Scientists are trying to reduce the amount of methane coming off New Zealand dairy farms.
The vast majority of methane from dairy farms is emitted from cows as the burp and belch while digesting grass and despite their best efforts scientists haven't been able to figure out how to reduce it.
But about 10% of methane from dairy farms comes off their effluent ponds.
At the New Zealand Climate Change Conference this week, Dr Kevin Tate, a research associate at Landcare Research, presented his latest work. He has been placing bacteria with an insatiable appetite for methane above the ponds.
"We've managed to develop a very active population that consume masses of methane ... They're also self-regulating in the sense that as they consume methane they produce water, so they never dry out.
"Some of them can also fix nitrogen and they also seem to be able to catch ammonia from the ponds, which is very useful additional property and also they help with odour control. So they seem to do a lot of things very, very well."
Dr Tate says they are testing a floating bio-filter and trying to develop a cheap technology that will be attractive for farmers to use.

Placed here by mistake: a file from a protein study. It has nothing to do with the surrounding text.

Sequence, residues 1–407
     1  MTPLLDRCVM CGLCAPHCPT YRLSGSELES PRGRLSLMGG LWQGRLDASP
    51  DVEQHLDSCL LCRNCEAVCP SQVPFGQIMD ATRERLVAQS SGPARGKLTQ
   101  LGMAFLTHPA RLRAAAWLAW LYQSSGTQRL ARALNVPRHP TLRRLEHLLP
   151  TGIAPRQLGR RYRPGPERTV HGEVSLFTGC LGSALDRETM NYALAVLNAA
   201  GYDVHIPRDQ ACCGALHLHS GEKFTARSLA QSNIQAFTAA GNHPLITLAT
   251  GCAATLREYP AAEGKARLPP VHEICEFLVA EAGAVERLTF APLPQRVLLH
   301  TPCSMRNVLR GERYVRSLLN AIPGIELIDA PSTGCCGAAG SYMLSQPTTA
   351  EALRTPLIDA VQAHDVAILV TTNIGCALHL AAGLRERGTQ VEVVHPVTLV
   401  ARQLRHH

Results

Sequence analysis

He says the technology could be on dairy farms within a few years.
"We could do it fairly soon, but we do need to demonstrate that the floating bio-filter technology works as well as the original prototype that we tested on the Massey University farm. We're doing that at the moment.
"I would say in another three years we should be in a position to say, 'This is how much it would cost you', we can show how they can be managed well on a farm by a farmer to make it as simple as possible. So far, experience shows us they're virtually maintenance-free, they look after themselves essentially."
Dr Tate says the floating bio-filter technology is attracting attention from overseas agricultural businesses too.